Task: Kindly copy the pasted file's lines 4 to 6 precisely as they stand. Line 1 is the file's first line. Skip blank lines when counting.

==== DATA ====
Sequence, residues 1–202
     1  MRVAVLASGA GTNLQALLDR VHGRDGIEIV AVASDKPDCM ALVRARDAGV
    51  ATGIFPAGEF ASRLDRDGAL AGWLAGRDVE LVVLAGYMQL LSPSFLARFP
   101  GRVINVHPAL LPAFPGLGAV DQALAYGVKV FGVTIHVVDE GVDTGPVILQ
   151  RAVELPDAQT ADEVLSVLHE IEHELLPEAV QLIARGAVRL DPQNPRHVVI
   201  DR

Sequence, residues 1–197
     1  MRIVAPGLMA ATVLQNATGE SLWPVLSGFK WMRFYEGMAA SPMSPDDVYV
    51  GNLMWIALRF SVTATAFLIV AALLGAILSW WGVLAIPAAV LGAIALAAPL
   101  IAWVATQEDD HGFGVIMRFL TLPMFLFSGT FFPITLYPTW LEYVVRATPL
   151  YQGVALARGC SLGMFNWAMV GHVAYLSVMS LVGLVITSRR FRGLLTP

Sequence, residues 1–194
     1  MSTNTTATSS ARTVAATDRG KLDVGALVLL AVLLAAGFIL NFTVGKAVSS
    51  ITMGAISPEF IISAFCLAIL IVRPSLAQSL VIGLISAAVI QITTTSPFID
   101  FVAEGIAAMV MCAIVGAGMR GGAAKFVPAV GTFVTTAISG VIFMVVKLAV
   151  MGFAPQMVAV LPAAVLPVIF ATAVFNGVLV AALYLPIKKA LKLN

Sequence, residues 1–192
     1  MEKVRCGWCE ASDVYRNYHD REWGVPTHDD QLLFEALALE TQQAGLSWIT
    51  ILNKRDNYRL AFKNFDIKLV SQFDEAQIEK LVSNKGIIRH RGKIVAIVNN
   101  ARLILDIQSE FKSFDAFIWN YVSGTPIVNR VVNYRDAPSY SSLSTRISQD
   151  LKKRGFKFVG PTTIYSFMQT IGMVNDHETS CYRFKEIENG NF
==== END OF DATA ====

   101  GRVINVHPAL LPAFPGLGAV DQALAYGVKV FGVTIHVVDE GVDTGPVILQ
   151  RAVELPDAQT ADEVLSVLHE IEHELLPEAV QLIARGAVRL DPQNPRHVVI
   201  DR